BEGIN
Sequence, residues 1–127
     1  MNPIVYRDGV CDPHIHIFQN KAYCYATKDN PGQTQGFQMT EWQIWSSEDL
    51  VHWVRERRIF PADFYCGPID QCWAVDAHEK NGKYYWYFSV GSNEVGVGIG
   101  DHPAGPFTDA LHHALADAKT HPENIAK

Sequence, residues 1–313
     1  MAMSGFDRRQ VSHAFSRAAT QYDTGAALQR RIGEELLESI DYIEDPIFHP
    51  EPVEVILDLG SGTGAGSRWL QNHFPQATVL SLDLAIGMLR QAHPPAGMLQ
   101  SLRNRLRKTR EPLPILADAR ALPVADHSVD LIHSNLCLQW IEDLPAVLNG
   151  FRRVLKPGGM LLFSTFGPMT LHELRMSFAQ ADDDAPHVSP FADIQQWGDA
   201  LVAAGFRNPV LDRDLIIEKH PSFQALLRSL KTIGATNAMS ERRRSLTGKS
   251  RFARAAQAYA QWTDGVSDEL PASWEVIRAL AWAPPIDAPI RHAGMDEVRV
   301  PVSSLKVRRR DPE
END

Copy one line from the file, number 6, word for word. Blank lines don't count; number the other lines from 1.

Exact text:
     1  MAMSGFDRRQ VSHAFSRAAT QYDTGAALQR RIGEELLESI DYIEDPIFHP